The names vinca and periwinkle apply both to an evergreen ground cover and to an annual flower, so it's important to know the differences between the two plants if you want success in your garden. Vinca minor, also known as common periwinkle or creeping myrtle, is the ground cover plant often used where grass won't grow. Vinca roseus, the Madagascar or Rose periwinkle, is the annual plant used in sunny flower beds and containers. Both plants are commonly found in garden centers in the spring and summer, but they are used in the garden completely differently.
Growing Annual Vinca
Annual periwinkles love the sun and tolerate only very light shade before flowering is affected. Use them for bedding in flower beds, in outdoor containers, or as houseplants for sunny windows. When bedding out, space them 8 to 10 inches apart. They are not particular about soil, and in fact do well in poor soil with low fertilization. Watering is necessary only if plants start to droop. When used in containers, they do best in terra cotta pots which allow for good drainage and air flow; be especially careful not to overwater if grown in plastic pots. They are pest-free if not overwatered. The plants are self-cleaning, so you do not have to dead-head spent flowers, but plants can be pinched back to encourage bushiness if they get too large. They are completely intolerant of frost, so if you want to bring them in for the winter, be sure to move the plants indoors when night temperatures drop down to about 50 degrees. Plants can be propagated by stem cuttings at any time, or you can start from seed three to four months before the last frost date for your area. Periwinkles are easily found in garden centers in late spring.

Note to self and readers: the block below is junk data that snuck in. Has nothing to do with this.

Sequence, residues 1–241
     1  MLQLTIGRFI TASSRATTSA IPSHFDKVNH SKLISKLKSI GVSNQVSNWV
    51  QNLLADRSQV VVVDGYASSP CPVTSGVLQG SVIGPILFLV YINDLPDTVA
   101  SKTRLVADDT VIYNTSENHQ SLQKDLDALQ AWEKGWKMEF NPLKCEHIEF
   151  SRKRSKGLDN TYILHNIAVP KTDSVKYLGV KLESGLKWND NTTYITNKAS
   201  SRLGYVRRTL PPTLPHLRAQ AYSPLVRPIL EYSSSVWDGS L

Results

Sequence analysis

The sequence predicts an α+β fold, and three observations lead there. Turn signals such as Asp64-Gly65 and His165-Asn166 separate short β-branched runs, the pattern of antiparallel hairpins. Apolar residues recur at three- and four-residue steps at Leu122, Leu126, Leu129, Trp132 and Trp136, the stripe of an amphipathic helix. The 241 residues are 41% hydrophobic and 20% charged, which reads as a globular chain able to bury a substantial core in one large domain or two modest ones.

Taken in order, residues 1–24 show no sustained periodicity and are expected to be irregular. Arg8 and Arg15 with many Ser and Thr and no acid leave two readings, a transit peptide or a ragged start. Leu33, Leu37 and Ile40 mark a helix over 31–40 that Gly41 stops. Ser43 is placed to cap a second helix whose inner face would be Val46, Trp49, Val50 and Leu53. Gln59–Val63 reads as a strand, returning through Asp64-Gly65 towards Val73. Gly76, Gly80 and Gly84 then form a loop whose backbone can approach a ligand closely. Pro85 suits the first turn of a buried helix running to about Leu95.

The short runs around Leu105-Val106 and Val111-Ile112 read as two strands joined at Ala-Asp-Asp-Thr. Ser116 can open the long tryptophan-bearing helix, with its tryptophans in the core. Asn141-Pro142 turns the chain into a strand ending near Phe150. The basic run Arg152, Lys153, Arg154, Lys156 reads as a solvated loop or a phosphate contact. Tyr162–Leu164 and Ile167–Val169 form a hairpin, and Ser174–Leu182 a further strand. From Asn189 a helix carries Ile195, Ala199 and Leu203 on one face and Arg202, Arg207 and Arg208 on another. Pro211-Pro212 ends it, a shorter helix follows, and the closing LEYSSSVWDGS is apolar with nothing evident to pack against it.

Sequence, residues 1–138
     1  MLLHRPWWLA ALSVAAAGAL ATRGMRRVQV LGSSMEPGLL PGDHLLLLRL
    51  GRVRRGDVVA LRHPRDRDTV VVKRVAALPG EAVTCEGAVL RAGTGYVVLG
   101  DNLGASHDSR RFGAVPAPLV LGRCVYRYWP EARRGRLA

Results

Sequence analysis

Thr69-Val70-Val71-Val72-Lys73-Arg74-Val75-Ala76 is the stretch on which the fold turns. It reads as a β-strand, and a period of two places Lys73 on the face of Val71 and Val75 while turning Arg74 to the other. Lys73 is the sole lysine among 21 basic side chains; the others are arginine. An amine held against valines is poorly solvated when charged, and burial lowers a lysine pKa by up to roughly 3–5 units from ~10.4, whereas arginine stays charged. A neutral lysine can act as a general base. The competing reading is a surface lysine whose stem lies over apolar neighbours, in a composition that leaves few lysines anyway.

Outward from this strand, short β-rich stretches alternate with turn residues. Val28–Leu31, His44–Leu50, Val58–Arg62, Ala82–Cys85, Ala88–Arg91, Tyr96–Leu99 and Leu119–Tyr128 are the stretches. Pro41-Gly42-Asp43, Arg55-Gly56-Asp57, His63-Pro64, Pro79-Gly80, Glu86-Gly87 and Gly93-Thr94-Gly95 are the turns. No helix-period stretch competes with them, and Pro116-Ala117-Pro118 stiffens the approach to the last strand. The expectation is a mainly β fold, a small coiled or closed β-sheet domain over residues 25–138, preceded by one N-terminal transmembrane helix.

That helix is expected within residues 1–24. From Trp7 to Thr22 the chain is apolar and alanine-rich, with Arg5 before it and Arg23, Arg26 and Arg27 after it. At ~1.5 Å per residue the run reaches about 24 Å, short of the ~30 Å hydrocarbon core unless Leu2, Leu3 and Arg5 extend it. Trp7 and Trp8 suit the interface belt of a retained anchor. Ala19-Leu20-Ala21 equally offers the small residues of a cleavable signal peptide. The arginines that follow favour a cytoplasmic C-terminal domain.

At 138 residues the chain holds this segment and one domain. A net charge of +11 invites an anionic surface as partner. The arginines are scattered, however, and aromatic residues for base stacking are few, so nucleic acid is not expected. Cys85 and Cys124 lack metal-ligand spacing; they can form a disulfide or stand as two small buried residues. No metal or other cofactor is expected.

Vinca, The Shade-Loving Ground Cover
Vinca minor, the common periwinkle or creeping myrtle, is an evergreen vine from Europe and Asia. It is a common ground cover in the United States and lower Canada, often used in areas where lawn grass will not thrive, such as on banks, under trees, or in beds shaded by trees and buildings. Its trailing stems root easily, creating a dense cover that smothers weeds while allowing larger plants like shrubs and bulbs to grow well. The small leaves give the plant a fine texture that blends well with larger-leaved ground covers like ivy and pachysandra. Early spring blooms are either white or shades of blue. It is hardy in USDA Zones 4 through 10.
Growing Ground Cover Vinca
Vinca minor grows best in shady, well-drained soil, but once established, it tolerates a wide range of sites. Do not plant in full sun south of USDA Zone 7. You can find vinca in garden centers in spring and fall, usually as rooted cuttings in flats. Plant 12 inches apart, feed lightly with an all-purpose garden fertilizer, and mulch the first summer to keep down weeds. Water to keep moist the first summer but avoid wet soil to prevent fungal diseases and root rot. After the first season, little care is necessary besides fertilizing lightly in spring and watering during extended droughts, although vinca grown in sun may require occasional watering. Propagate by stem cuttings at any time or by division in spring. No special care is needed in winter.
Annual periwinkles have been used for centuries for folk medicine, especially for treating diabetes, and are the source of several cancer drugs. Use them with caution in gardens that are accessible to small children.
Ground cover vincas can be exuberant growers, so give them plenty of room to spread, and trim back if necessary to contain them.